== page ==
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Salient. An Organ of Student Opinion at Victoria College, Wellington, N.Z. Vol. 2, No. 9. June 7, 1939

Food Fables — do you believe

Food Fables

do you believe

(1)That fish is a brain food?
(2)That beef tea is very nourishing?
(3)That there are no living germs in pasteurized milk?
(4)That a person can get appendicitis by swallowing seeds of oranges, grapes, and apples?
(5)That the consumption of lemon juice is a simple method of reducing?
(6)That whole wheat bread does not contain much starch?
(7)That whole wheat bread is made of flour obtained from the entire wheat kernel?
(8)That oranges, lemons, grapefruit and tomatoes form acids in the body?

Every Statement is False!

(From "Don't Believe it, says the Doctor," by A. A. Thomen, M.D.)


"An examination of the chemical composition of cocoa might lead one to suppose that it was of considerable nutritive value. But that would be a mistake. Theoretically cocoa is a valuable food, but practically it is not, the reason being that so little of it can be taken at a time.

It takes about 1-3 of an ounce of cocoa to make a breakfast cupful of the beverage, and, assuming the average composition, this would yield about 40 calories. It would, therefore, require fully seventy-five such cupful to yield the total amount of potential energy demanded or the body dally, obviously an impossible an impossible quantity. Of course, if the beverage is prepared entirely with milk and plenty of sugar, it becomes an important food, but that it is due to the milk and sugar, and not to the cocoa."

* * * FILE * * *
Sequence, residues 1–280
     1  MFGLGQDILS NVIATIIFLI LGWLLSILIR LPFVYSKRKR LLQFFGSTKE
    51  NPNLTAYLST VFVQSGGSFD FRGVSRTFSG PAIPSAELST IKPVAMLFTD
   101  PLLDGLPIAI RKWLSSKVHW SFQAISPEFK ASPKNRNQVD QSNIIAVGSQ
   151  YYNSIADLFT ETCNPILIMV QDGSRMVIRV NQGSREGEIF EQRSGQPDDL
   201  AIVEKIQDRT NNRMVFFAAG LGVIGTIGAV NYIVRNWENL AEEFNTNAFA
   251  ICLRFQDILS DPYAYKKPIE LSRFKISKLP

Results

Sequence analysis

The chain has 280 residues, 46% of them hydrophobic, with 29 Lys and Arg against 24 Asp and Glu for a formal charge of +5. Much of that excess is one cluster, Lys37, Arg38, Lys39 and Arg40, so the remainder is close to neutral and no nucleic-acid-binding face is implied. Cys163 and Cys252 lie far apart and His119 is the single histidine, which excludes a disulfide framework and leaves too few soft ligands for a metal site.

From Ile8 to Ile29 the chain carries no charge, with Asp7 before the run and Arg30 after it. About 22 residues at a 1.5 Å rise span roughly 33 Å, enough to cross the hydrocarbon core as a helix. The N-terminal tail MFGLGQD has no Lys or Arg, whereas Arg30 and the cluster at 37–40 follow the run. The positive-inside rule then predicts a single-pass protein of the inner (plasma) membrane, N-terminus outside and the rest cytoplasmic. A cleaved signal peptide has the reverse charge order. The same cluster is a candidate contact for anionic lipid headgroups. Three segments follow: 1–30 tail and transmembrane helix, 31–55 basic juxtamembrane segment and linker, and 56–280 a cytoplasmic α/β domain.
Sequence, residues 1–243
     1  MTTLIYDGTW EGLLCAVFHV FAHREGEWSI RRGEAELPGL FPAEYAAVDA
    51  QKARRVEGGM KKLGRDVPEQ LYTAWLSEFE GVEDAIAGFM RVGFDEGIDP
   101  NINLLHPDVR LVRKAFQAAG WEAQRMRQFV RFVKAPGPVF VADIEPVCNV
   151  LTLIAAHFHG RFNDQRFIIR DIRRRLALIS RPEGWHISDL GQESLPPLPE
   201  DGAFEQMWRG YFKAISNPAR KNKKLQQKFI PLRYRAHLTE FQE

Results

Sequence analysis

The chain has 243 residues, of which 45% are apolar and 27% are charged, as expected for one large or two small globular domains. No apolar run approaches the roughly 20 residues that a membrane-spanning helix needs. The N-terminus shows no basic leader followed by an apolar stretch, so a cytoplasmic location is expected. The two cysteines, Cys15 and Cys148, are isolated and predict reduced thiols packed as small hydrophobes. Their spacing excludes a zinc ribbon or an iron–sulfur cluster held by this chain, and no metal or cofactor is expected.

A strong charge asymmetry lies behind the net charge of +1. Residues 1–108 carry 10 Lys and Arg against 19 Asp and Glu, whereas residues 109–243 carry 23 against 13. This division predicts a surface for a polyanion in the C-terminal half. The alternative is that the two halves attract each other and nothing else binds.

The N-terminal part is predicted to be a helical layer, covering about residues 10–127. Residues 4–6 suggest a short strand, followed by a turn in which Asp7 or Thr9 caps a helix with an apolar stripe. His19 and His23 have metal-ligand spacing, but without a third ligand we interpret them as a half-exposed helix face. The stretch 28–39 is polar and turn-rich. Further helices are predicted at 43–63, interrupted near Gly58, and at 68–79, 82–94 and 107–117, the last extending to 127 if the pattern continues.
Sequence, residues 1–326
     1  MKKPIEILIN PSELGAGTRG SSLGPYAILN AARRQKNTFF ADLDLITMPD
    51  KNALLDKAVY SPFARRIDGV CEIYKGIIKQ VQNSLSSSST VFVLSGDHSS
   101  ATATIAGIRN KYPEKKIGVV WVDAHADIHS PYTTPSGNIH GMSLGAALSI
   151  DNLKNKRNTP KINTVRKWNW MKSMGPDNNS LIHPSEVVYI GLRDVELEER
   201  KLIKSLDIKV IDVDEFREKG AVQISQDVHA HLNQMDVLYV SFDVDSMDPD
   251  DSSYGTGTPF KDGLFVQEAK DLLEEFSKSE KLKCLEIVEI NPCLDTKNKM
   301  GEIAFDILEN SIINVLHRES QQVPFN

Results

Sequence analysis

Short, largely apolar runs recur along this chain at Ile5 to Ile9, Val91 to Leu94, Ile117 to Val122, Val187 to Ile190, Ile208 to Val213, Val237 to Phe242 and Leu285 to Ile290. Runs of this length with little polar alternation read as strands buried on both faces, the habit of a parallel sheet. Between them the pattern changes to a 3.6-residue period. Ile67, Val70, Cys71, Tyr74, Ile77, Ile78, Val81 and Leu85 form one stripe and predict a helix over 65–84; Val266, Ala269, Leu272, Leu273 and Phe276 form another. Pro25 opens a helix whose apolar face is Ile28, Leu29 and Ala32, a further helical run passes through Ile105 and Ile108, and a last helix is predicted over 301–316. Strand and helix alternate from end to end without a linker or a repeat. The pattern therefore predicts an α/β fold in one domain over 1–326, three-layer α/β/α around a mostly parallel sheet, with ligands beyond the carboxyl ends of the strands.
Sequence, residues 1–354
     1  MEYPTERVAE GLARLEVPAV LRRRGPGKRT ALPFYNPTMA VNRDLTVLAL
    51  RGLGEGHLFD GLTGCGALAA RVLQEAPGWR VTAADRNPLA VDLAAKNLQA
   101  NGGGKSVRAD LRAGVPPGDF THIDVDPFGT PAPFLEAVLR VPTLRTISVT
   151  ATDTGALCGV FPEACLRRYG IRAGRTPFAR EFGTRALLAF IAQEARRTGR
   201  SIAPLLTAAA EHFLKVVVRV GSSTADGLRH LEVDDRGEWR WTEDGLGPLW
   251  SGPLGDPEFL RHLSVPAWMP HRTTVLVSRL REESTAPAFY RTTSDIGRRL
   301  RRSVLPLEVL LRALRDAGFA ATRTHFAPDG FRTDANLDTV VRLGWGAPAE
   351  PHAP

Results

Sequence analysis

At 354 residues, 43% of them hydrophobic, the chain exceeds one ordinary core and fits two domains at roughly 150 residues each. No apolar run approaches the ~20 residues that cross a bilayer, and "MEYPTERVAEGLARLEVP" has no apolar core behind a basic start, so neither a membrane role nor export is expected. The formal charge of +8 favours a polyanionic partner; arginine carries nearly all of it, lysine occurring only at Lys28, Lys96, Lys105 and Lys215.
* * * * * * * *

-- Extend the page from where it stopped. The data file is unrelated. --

(R. Hutchison, "Food and Dietetics.")


"A remarkable recent development has been a craze for consuming glucose or dextrose. Although it is undoubtedly invaluable in medical practice, dextrose can have no advantage, as far as the normal person is concerned, over jam and honey. However, glucose sweets are all the vogue, and the tendency is to have it incorporated with such articles as cocoa, ice cream, fruit syrups, etc.

"Provided that glucose is regarded as a substitute for cane sugar, no objection can be taken to its use, but the tendency is to make extravagant claims for it and to transform pleasant foods into quack medicines. . . .

"Pure dextrose complying with the B.P. Standard can be landed in New Zealand at about 3d. per pound. . . . The reader (of advertisements) is asked to use this dextrose as an ordinary everyday foodstuff at 2/6 per pound."

(R. L. Andrew, Assistant Dominion [unclear: Atyst]. In an address delivered to the Institute of Chemistry, 26/1/39.)


Q.—What is false about the following typical advertisement for bread?

"No more diet fads. Eat more bread—the basis for a properly balanced diet. Bread is rich in, carbohydrates, proteins, minerals, vitamins and cellulose."

A.—Bread certainly is rich in carbohydrates, but contains scarcely any proteins, minerals, vitamins and cellulose.